Peter Tchaikovsky: Biography

Peter Tchaikovsky was a complex man, beginning a career in law to enter the St. Petersburg Conservatory of Music. Best remembered for his Nutcracker Suite, his music was shaped by odd circumstances that led him to use the emotional extremes of his life in his compositions.

Peter Tchaikovsky is the famous Russian composer who created the Nutcracker Suite. That is the Tchaikovsky remembered by the world. But did you know that before he studied music, he first studied the law? Did you know that he had an odd friendship with a wealthy widow - a friendship to which he consented knowing of the stipulation that they never meet? Did you know he died because he drank unboiled water? These are the lesser known facts about the well known musician.

Even as a boy, Peter Tchaikovsky was said to be emotional, intense, and complex. From his earliest years, Peter's emotions spanned the gamut from extremely happy to intensely depressed. History recalls that Peter Tchaikovsky was a headstrong, impetuous youth. The complex boy became a complex man.

Brilliantly intellectual, Tchaikovsky at first opted to study law. However, well into his law studies, Tchaikovsky determined that the profession was an ill suited choice for someone of his emotional temperament. Fortunately, Peter Tchaikovsky was also talented musically - gifted, in fact - and he was accepted into the Conservatory of St. Petersburg to study music.



Tchaikovsky mastered the fundamentals of composition quickly and began writing original compositions within months of entering the conservatory. It was as if he were driven to write, so many hours did he dedicate to the task. But considering his temperament, it was characteristic of Tchaikovsky - the intensity and the perfectionism. In fact, Tchaikovsky was so intent that his music be his best that if he did not consider a piece perfect, he tore it up.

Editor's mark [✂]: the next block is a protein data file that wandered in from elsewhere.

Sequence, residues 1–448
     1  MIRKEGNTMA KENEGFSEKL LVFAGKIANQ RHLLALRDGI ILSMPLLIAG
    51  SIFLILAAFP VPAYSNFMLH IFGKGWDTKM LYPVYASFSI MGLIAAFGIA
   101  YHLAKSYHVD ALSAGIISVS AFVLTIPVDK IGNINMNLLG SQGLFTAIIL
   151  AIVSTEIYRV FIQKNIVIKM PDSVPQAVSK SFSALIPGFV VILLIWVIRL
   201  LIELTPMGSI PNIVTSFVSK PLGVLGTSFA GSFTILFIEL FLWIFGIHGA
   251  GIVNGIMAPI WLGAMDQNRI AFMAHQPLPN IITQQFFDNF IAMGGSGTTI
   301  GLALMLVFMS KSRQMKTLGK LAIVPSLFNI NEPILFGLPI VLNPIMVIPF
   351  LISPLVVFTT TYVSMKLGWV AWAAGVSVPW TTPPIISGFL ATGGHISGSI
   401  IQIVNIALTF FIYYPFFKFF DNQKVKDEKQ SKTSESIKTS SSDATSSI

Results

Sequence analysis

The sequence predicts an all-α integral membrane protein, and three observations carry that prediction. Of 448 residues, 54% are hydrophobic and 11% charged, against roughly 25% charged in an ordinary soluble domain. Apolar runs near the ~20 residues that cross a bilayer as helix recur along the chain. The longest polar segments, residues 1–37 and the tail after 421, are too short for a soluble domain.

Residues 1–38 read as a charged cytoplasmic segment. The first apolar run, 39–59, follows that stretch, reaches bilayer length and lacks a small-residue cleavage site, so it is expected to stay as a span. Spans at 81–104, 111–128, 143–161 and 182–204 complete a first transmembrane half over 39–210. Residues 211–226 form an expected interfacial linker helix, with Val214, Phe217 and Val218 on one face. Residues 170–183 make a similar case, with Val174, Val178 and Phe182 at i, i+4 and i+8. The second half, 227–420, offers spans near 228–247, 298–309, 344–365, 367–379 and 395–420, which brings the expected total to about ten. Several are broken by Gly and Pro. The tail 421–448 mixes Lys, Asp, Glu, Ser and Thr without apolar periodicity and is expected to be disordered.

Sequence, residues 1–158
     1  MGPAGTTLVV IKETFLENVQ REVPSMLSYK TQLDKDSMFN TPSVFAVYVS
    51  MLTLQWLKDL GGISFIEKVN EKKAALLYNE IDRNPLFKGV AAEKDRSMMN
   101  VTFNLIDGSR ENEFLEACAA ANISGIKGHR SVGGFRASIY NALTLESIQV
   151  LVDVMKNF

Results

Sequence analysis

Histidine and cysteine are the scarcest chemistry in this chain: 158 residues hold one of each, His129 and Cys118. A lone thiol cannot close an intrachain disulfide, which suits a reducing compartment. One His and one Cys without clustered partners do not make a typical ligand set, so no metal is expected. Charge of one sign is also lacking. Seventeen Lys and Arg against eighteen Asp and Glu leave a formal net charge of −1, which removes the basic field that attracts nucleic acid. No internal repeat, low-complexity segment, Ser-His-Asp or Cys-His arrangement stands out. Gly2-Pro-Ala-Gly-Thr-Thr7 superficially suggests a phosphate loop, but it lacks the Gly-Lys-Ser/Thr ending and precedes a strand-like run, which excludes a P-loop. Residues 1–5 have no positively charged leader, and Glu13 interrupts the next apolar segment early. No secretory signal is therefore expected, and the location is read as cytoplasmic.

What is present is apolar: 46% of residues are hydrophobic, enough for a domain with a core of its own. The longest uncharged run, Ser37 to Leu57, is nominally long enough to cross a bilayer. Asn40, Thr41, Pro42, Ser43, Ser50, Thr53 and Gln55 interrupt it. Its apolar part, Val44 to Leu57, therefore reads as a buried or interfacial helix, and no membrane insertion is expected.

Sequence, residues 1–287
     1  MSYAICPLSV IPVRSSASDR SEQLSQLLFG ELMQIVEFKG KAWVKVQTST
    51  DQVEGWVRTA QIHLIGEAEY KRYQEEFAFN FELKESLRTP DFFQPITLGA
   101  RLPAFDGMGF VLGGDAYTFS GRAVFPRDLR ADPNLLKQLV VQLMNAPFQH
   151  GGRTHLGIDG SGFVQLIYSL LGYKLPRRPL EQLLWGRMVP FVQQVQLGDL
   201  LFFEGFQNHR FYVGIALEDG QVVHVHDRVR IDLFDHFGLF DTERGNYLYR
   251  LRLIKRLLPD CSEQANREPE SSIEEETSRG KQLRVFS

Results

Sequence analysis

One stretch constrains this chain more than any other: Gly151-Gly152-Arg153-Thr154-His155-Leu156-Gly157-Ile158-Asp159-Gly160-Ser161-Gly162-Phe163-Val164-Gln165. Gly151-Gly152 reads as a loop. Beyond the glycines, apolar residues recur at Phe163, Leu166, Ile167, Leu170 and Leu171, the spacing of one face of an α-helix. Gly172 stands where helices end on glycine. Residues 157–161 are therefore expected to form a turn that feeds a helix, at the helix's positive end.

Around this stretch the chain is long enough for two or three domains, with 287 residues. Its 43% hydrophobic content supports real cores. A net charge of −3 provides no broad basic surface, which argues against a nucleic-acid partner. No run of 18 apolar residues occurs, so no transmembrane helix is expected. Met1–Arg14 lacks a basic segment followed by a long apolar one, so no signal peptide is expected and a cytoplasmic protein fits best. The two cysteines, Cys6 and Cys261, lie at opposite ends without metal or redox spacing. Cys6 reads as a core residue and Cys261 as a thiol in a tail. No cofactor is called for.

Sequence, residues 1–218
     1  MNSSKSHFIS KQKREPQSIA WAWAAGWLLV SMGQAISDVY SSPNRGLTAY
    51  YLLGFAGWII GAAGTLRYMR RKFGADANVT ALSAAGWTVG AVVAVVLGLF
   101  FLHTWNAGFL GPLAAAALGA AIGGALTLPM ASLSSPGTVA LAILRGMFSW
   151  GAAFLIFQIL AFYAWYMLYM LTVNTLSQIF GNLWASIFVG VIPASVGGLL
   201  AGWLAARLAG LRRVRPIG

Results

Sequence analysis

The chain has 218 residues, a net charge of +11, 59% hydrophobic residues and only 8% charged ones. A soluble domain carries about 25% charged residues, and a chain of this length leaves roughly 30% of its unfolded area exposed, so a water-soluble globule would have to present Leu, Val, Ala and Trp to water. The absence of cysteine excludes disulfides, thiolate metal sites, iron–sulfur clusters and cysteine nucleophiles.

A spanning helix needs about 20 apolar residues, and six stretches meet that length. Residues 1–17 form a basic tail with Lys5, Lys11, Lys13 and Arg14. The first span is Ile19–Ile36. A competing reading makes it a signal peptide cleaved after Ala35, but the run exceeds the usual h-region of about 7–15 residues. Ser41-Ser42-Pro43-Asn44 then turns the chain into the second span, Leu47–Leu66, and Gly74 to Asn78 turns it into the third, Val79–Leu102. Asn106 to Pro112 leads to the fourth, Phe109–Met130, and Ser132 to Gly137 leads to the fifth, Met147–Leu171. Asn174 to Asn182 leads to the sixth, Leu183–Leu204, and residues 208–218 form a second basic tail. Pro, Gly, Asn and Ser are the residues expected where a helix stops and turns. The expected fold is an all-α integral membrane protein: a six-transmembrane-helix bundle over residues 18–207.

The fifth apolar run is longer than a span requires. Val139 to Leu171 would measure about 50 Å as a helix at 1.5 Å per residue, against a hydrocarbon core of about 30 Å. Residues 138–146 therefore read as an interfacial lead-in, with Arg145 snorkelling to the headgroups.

In 1876, a wealthy widow named Nadejda von Meck heard the music written by the young Tchaikovsky. She was so impressed by it that she offered to financially underwrite his composition efforts. Her only stipulation was that they correspond only in writing and that they never meet in person. Tchaikovsky consented, though the stipulation was odd. And despite the boundary the widow von Meck had set, the friendship flourished. For fourteen years, Tchaikovsky poured out his heart in his letters to the widow, telling her his hopes, frustrations, impressions, and even disappointments. And for fourteen years, her financial assistance allowed Tchaikovsky the freedom to compose. With time, however, Tchaikovsky became a brilliant success and he no longer needed his benefactress's assistance. He never regretted the friendship, though odd in nature, as it had provided him with a source of refreshment and sound advice. The widow von Meck had encouraged him to take the setbacks and successes of his life and use them to produce majestic music in triumph and haunting melodies in the sad times. Successful both in composition and controlling his emotions, Tchaikovsky had at last become a happy man.

Music came first with Tchaikovsky, not only in life, but in death. Engrossed in composition, Tchaikovsky drank water that he had not boiled, a very dangerous thing in those days in Russia. He died of cholera that he contracted as a result of the unclean water. Legend tells us that the piece he was writing remained unfinished.

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